Leadership Changes

With the announced departure of Vice President John Baworowsky at the end of June, I have asked Darlene Dilley, director of undergraduate admissions, to serve as the interim leader of the enrollment management division while a formal search in conducted. With this change I have also decided to move our student retention efforts, which are currently being led by Christie Fox, including the START Center and ADA, under the leadership of the provost.


Fundraising results have surpassed last year's totals and should reach $8 million by the end of June. Last week, vice president Staci Carson announced a $446,000 gift from the Betty and Edward Fingl Estate, which will endow two funds: the first for research grants to support nursing faculty and the second to support scholarships for Native American students. Congratulations to the Advancement team for their hard work and success this year.

100 Year Celebration

We have many volunteers that help support the college, but the Woman's Board has been doing it for over 100 years. Earlier this month they celebrated the 100th Anniversary of the Silver Tea—their annual fundraiser for scholarships. They have raised almost $1 million from their events and they currently support 14 scholarships. My wife, Sandy, and daughter Amanda are members of the Woman's Board. I had the privilege of representing the college at the Silver Tea this year and expressed, on behalf of all of us, our congratulations on their centennial celebration and our profound thanks for their service and financial support.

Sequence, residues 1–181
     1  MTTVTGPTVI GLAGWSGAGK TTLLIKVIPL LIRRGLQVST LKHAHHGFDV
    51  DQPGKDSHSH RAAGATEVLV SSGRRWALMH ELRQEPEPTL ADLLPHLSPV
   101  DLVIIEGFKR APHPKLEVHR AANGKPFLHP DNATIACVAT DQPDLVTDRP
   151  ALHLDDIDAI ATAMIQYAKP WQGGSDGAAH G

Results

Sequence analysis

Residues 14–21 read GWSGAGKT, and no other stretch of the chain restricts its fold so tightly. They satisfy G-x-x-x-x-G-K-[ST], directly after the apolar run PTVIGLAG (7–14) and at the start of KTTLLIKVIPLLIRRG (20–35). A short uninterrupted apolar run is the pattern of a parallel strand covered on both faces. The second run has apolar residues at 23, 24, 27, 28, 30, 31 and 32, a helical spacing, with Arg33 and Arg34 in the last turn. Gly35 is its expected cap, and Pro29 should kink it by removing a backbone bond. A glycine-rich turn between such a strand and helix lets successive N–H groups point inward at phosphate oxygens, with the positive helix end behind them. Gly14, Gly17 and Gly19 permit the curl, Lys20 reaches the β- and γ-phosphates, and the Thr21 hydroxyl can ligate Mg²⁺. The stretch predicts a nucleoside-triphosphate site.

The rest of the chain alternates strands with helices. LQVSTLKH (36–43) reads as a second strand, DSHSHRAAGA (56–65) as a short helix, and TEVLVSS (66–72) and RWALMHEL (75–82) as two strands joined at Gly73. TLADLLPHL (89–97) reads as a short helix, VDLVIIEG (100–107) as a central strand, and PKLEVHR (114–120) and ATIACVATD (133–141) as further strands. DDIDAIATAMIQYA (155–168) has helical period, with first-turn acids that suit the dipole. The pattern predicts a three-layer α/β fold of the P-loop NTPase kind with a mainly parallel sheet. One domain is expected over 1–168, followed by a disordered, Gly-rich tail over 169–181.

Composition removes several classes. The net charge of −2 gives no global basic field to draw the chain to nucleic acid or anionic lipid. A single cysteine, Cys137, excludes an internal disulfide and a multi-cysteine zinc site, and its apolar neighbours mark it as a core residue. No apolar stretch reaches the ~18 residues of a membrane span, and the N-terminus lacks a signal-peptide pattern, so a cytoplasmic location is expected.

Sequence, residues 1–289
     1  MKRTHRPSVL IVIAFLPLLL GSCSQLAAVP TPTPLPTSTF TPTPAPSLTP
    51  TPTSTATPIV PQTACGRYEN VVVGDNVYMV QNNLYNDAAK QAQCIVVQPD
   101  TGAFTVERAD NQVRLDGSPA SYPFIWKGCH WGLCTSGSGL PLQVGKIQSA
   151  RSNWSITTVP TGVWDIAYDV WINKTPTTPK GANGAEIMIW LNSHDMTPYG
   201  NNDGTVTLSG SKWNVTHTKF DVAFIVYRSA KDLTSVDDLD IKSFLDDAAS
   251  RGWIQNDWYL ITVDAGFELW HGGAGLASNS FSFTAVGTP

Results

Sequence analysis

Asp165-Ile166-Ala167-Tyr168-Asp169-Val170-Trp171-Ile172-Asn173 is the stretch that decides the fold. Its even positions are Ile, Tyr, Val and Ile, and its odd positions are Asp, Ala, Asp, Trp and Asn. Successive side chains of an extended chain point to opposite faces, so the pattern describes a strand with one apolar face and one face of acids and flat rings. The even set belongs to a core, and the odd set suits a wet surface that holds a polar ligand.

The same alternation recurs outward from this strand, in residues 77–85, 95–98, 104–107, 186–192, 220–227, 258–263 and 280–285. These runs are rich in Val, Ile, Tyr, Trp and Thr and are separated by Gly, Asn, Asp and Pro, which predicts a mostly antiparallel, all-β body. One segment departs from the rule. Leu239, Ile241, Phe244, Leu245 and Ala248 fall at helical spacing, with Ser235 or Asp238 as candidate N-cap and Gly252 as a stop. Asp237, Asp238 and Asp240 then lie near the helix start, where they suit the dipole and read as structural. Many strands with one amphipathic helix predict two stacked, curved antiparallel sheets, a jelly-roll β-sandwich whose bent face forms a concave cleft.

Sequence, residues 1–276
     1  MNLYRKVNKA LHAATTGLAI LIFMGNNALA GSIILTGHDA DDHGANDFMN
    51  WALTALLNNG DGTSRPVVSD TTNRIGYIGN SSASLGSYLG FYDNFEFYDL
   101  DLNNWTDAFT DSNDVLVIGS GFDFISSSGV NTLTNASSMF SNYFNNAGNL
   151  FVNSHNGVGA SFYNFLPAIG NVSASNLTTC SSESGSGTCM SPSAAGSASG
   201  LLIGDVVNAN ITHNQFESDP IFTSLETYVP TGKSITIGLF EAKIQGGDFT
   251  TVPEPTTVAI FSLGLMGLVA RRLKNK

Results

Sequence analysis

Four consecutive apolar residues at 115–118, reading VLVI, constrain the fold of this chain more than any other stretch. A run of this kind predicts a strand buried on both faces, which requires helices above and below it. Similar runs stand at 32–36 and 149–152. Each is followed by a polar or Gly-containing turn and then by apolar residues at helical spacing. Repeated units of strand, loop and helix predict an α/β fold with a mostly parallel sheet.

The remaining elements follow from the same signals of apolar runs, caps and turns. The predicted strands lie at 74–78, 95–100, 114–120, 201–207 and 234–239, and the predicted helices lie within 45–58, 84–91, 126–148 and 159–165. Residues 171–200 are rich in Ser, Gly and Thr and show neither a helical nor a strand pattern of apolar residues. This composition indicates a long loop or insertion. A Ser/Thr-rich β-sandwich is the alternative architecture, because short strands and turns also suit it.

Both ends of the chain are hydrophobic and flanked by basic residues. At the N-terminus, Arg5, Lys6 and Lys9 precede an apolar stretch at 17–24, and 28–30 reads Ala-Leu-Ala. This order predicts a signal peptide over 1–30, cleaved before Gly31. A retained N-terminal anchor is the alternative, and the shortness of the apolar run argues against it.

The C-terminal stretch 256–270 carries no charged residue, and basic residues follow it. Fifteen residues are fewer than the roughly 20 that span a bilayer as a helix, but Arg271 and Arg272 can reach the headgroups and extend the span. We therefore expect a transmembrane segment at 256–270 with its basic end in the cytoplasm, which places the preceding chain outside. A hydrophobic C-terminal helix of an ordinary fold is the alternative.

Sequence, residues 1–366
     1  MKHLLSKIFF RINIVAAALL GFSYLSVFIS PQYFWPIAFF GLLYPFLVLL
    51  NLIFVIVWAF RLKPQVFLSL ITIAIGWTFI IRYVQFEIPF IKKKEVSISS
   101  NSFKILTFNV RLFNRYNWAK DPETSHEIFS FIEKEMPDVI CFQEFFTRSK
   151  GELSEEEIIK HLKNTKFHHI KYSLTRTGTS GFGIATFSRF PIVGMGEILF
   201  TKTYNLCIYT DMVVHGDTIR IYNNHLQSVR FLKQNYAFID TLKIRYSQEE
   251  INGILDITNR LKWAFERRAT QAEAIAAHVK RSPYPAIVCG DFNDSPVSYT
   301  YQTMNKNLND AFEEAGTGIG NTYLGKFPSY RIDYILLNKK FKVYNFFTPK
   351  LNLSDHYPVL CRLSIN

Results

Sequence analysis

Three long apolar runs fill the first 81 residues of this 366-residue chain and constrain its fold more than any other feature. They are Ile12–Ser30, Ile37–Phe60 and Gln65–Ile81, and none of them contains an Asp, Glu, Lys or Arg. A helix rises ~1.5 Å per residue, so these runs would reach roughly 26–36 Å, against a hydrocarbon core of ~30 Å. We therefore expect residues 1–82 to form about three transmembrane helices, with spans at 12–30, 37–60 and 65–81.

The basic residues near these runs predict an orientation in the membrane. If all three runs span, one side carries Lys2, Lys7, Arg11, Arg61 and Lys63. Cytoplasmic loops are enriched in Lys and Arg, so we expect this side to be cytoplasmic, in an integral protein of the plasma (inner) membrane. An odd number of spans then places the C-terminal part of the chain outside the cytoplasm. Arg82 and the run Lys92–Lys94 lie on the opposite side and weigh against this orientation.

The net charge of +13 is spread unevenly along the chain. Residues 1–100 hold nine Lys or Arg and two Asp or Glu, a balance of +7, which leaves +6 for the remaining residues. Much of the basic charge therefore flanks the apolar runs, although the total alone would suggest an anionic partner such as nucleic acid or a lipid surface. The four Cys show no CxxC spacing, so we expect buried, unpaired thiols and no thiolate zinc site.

Woman's Board

Final Thoughts

May and summer bring a welcomed rest for many of us that work at the college from the pace of the regular academic year. For others, it is the busiest time of the year when audits are completed, maintenance and repairs are done, and preparations for next year are underway. My hope is that each of you will find a few days to take off this summer to spend time with family and friends. I am grateful to each of you for the many things you do on a daily basis to help the college be successful.

All the best,

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Expedition in the News

Two people on a canoe
Group of Students around Campfire

The Route

Our proposed route is an enormous figure eight, heading northwest first (because of potential early winter weather) and including Montana, Idaho, Washington, Oregon, California, Nevada, Arizona, and Utah. Course-related sites include sites of environmental/cultural conflict or cooperation (e.g., Malheur National Wildlife Refuge; East Tavaputs Plateau tar sands; Klamath River dams; the Berkeley Pit, the Nevada Test Site, Owens Lake); National Parks (e.g., Yellowstone, North Cascades, Olympic, Redwood, Grand Canyon, Great Basin); wilderness areas (e.g., Bob Marshall, Glacier Peak); Native nations and sites (e.g., Burns Paiute, Coast Salish, Miwok, the Nez Perce trail, Colville, Pyramid Lake, Hopi); dam sites (e.g., Teton, Grand Coulee, Hoover, Hetch Hetchy, Snake River); and relevant towns/cities (e.g., Bozeman, Bend, Cody, Moab, Winthrop, Page).

Expedition Route

Course Descriptions

Follow the Expedition's Progress